The University of Iowa is delighted to announce that Professor Marian Muste, a research engineer and adjunct professor in the Department of Mechanical Engineering in the College of Engineering, has been selected as a Fulbright Scholar to Hungary for the 2021-22 academic year.
Winning a fourth Fulbright award, one of the most prestigious fellowships in the world, marks a new benchmark of achievement for Muste.
Muste is one of more than 800 U.S. citizens who will teach, conduct research, or provide expertise abroad for the 2021-2022 academic year through the Fulbright U.S. Scholar Program. Recipients of Fulbright awards are selected based on academic and professional achievement as well as a record of service and demonstrated leadership in their respective fields.
Muste's fellowship will be carried out at the Budapest University of Technology and Economics (BEM) in Budapest, Hungary, in the spring of the 2021-22 academic year, and will entail research and teaching activities related to modern instrumentation used in the measurement of river and water resources.
"The research outcomes of this project have potential to transform river science and engineering by enabling rapid acquisition of high-resolution accurate data for documenting river characteristics," says Muste. "Broadly speaking, the project will advance the knowledge and state of practice in the critical societal area of water resources that are currently affected by multiple crises (floods, pollution, and loss of habitat), hence directly contributing to the improvement of our nation’s lives and those of other countries."
Field visit to a water conservation project in Maha Sarakham province in Thailand
"My career has greatly benefited from the 10 in-residence international visits and the 10 study-abroad courses that I led in the past. I enjoy working in other countries, and my extensive experiences abroad have made me a more well-rounded and seasoned researcher and teacher."
Muste sees combining international research, teaching, outreach, and service to the community as being crucial to shaping his professional and personal goals.
"My career has greatly benefited from the 10 in-residence international visits and the 10 study abroad courses that I led in the past. I enjoy working in other countries, and my extensive experiences abroad have made me a more well-rounded and seasoned researcher and teacher. I also believe that the international visits contributed to my scholarship visibility."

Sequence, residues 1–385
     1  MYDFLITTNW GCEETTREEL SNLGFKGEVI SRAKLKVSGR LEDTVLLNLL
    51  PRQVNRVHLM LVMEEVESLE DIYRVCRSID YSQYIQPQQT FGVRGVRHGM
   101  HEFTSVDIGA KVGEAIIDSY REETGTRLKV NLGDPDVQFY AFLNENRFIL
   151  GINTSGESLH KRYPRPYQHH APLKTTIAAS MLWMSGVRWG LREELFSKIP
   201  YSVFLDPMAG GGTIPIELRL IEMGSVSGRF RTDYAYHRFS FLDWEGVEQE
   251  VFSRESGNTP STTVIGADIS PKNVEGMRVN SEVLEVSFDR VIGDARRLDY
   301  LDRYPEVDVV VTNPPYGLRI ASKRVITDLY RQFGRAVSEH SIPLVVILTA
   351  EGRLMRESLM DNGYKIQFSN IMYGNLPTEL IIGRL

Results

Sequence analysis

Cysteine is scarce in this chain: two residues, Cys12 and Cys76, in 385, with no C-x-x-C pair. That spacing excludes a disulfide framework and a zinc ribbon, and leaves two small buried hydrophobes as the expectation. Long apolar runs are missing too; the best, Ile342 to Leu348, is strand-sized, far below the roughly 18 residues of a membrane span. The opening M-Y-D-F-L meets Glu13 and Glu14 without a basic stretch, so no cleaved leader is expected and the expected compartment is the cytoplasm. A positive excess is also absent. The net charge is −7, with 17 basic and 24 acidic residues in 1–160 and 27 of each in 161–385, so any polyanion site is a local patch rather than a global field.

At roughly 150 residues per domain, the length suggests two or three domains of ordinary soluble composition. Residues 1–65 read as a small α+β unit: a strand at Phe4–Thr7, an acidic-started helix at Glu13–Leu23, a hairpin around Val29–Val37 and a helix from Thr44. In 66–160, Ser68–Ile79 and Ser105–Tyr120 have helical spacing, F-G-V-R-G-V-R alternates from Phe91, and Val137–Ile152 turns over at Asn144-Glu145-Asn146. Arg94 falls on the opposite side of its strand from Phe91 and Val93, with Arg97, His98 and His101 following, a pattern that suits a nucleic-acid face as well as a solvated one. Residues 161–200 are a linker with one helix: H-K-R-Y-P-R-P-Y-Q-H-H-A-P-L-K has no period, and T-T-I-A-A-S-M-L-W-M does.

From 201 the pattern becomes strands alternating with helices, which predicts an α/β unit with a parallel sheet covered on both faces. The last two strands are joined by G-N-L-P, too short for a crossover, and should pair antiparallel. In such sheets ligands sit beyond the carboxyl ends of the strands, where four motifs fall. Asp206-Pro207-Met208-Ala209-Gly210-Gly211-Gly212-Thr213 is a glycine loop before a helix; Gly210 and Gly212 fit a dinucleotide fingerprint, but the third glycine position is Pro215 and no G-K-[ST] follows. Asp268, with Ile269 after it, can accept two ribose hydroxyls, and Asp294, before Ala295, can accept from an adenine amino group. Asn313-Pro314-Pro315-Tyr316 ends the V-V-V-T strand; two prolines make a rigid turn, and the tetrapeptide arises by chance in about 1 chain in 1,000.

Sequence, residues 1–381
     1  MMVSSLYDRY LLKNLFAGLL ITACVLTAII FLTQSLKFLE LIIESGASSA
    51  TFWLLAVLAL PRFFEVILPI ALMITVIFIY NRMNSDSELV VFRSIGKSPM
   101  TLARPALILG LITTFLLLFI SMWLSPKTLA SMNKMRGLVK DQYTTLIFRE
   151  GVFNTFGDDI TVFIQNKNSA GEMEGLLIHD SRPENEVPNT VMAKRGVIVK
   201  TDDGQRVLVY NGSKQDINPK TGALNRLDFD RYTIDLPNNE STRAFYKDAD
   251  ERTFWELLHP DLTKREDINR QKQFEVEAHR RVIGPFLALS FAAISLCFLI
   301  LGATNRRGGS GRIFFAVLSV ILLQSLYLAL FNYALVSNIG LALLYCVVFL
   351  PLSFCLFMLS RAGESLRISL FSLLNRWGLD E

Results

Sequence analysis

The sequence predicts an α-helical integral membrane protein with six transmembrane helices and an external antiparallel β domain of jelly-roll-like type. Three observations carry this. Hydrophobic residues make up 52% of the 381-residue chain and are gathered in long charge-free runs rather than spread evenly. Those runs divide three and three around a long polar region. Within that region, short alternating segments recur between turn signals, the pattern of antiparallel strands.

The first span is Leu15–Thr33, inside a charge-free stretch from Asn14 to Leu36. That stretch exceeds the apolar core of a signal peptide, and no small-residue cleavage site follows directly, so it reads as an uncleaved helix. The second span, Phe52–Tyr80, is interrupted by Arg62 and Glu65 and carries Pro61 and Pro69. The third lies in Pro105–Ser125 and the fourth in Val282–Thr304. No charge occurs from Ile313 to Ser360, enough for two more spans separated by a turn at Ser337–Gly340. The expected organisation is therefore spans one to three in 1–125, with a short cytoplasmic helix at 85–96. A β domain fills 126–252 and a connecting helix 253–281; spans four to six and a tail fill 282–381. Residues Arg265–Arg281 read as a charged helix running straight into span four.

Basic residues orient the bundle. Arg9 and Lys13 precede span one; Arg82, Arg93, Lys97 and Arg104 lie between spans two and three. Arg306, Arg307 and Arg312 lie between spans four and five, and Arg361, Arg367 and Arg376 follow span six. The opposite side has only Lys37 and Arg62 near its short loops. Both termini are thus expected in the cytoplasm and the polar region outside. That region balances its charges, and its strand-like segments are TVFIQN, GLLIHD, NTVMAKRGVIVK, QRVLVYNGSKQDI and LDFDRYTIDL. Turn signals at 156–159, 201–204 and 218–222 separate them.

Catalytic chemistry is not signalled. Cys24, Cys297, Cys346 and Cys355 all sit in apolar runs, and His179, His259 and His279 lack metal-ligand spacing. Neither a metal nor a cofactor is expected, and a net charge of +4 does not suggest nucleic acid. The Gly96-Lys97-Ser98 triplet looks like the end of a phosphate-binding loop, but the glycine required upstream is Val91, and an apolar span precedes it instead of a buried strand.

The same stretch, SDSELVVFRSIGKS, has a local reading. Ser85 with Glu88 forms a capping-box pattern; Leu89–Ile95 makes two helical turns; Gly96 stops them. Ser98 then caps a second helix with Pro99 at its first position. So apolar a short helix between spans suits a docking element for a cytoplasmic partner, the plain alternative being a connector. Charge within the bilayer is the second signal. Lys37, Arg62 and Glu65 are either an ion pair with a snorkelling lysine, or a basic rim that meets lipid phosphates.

On the Rhine riverbank in Germany
Muste hopes his Fulbright story will inspire and motivate fellow colleagues to apply for Fulbright fellowships in their own disciplines. There is no longer a lifetime limit for holding Fulbright Scholar Awards, and applying for multiple awards during an academic career is strongly encouraged.
"I have benefited immensely from my previous Fulbright Senior Scholar and two short-term Senior Specialist Awards," says Muste. "They have not only been essential to my professional growth, but made me a confident 'ambassador' of my country at the same time. These visits allowed me to focus on emerging concepts in my area of expertise that could have not been tackled during my work at home. I am certain that my teaching and mentoring career will gain new dimensions from this new international visit, and that, after returning to my home institution, I will have a further positive impact on my students and colleagues."
University faculty members at all stages of their careers can apply to become Fulbright Scholars. Grant recipients can teach, do research abroad, or a combination of both for flexible time periods ranging from 2-6 weeks to a semester or entire academic year.
The Fulbright Program is the flagship international educational exchange program sponsored by the U.S. government and is designed to forge lasting connections between the people of the United States and the people of other countries, counter misunderstandings, and help people and nations work together toward common goals. Since its establishment in 1946, the Fulbright Program has enabled more than 390,000 dedicated and accomplished students, scholars, artists, teachers, and professionals of all backgrounds to study, teach and conduct research, exchange ideas, and find solutions to shared international concerns.